Thallus endolithic, white, grey or discoloured brown, with calcite deposits that often slightly raise the surface above that of the bedrock. Cortex poorly defined. Photobiont a green alga.
Anamorph: not known.
Teleomorph: ascomata perithecia, (170-) 260-520 (-660) µm diam., immersed in well-defined pits in the rock, occasionally with the apex projecting. Involucrellum absent. Peridium brown throughout (blackish in thick section, translucent brown in squash preparation), K± slightly darker brown or greenish-brown. Interascal tissue of periphyses and periphysoids, interascal hyphae absent. Hymenial gel I+ red (+ blue at very low concentrations of I), K/I+ blue. Asci narrowly ellipsoidal to clavate, fissitunicate with rostrate dehiscence, the wall thickened above and an ocular chamber usually present, 8-spored. Ascospores (28.5-)36-46 (-54) × (11-)13.5-16.5(-20) μm, length/width ratio (1.8-)2.5-3(-3.9), 3-(to 5-) septate, occasionally with one or two longitudinal septa, hyaline, smooth- and thin-walled, without a gelatinous sheath or perispore.
Assessed by Woods & Coppins (2012) as of Least Concern. The species appears to be common and widespread.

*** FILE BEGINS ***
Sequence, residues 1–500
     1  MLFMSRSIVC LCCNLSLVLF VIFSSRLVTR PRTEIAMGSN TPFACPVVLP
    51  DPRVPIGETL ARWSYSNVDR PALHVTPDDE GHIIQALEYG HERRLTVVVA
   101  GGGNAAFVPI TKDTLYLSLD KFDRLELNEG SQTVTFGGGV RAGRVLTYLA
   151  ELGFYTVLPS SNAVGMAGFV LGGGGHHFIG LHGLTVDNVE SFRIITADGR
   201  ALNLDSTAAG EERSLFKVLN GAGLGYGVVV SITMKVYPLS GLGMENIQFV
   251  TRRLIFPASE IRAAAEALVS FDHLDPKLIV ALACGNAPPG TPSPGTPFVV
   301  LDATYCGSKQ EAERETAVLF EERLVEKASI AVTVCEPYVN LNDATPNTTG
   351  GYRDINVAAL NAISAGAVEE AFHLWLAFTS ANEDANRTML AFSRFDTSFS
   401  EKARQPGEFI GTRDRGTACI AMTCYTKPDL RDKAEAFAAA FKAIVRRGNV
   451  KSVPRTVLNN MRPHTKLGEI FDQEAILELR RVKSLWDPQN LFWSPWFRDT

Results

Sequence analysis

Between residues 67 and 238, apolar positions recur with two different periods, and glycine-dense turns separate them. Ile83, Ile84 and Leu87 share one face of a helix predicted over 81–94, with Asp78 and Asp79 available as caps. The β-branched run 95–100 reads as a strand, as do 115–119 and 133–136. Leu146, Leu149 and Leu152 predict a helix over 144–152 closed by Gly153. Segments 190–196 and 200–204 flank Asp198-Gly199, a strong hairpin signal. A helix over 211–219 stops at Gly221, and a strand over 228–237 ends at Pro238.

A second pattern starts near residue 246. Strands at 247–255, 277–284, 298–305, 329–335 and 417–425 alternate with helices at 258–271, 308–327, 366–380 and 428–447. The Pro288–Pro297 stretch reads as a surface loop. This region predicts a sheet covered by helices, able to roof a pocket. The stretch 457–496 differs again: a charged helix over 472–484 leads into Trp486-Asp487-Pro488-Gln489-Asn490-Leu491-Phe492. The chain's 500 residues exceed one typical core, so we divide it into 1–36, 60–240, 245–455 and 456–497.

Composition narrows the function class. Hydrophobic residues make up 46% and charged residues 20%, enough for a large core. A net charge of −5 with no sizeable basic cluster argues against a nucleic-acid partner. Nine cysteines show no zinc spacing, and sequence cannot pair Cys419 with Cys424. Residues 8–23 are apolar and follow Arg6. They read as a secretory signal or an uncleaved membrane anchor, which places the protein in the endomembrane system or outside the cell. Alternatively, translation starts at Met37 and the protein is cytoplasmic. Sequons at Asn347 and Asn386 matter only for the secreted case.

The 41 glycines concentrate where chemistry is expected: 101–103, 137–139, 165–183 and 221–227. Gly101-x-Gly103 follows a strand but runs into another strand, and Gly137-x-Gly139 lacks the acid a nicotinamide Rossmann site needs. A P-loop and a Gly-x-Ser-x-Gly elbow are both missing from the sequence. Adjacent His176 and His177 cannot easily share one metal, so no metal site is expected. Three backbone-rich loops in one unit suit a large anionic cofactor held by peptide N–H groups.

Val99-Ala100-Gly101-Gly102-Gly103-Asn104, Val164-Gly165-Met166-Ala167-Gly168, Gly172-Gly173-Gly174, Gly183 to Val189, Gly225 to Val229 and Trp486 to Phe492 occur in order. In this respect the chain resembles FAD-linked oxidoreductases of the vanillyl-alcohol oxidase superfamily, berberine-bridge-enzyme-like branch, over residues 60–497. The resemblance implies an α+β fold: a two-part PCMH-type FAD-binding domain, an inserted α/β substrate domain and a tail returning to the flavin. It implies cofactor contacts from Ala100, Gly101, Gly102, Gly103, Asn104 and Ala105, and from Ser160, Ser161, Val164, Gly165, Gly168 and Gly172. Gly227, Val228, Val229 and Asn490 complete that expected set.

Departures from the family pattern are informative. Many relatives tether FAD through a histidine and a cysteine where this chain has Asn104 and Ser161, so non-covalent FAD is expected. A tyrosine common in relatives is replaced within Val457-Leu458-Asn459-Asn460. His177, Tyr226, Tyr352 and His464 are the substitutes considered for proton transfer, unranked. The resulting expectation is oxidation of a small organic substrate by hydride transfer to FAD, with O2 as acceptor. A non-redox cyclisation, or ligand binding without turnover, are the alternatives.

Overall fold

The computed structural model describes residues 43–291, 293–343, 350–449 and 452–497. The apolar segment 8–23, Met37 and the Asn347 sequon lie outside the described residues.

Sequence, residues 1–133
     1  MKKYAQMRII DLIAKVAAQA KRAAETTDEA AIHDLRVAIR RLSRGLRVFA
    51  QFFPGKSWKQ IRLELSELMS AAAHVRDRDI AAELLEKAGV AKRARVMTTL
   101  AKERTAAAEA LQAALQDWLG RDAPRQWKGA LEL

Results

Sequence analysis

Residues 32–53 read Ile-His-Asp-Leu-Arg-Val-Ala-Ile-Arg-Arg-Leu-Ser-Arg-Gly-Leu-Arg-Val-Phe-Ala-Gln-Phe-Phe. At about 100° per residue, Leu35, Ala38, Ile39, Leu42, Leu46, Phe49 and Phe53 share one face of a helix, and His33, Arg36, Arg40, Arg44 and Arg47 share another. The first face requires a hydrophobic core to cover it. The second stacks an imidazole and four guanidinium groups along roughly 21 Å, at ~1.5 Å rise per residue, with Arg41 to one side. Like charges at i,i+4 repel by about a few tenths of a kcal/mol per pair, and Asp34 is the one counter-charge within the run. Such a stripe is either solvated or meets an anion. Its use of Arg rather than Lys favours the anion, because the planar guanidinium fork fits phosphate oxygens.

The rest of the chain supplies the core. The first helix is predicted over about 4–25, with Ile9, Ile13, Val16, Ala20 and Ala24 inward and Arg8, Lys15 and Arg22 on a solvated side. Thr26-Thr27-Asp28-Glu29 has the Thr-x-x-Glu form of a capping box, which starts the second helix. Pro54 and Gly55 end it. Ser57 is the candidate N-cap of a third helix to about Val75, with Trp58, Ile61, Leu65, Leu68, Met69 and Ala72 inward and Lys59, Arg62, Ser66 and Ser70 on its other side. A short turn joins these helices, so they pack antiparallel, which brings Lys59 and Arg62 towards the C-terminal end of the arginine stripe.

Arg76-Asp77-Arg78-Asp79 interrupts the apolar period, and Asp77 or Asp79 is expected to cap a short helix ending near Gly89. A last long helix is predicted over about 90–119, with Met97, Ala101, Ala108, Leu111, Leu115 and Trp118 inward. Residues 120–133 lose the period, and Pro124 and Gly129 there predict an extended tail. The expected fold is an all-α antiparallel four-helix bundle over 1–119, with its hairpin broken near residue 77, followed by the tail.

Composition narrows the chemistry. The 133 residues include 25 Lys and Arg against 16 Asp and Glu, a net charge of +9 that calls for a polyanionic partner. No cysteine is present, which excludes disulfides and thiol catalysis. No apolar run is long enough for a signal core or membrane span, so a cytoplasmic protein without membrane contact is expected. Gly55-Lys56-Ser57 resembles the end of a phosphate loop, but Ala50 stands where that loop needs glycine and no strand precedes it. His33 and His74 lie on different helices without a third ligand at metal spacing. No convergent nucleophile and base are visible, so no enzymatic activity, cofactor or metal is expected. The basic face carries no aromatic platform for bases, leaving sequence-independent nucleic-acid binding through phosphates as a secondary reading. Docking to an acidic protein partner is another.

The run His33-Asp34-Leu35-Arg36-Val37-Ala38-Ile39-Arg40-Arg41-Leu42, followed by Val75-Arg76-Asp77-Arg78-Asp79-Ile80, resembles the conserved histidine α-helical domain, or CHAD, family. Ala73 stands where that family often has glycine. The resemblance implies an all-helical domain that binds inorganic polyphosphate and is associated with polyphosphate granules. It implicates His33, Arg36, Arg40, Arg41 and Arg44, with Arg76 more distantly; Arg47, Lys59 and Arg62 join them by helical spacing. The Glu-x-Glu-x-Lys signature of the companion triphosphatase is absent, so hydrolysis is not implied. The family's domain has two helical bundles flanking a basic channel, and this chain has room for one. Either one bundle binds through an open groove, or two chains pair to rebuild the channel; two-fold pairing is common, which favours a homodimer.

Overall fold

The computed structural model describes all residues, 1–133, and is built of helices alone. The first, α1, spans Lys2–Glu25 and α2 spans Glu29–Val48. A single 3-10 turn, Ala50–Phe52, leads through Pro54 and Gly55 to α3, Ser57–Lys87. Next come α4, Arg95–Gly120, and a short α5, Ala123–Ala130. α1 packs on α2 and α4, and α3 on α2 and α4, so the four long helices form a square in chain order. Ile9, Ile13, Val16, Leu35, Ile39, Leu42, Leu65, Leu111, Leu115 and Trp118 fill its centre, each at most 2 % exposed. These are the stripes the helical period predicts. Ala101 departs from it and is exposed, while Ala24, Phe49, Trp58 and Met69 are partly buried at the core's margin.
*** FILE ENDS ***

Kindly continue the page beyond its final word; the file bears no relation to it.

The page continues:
Characterized by the relatively large perithecia immersed in pits, absence of an involucrellum and mostly 3-septate spores.
Thelidium fontigenum differs in the smaller perithecia, smaller ascospores and frequently by the presence of an orange, K+ violet pigment. Polyblastia dermatodes is said to differ in the submuriform ascospores, but the number of longitudinal septa is variable even within a single specimen and it is difficult at present to make a clear distinction between the two species. There appears to be little or no correlation between the number of septa, the size or length/width ratio of the ascospores and the size of the perithecia; in addition, many of the collections which have submuriform spores appear to be in poor condition and some spores are clearly abnormal. This group of taxa requires careful revision.
Widespread throughout the UK where suitable rocks are present. BLS map: here.
On limestone and other calcareous rocks, common in graveyards as well as on natural outcrops.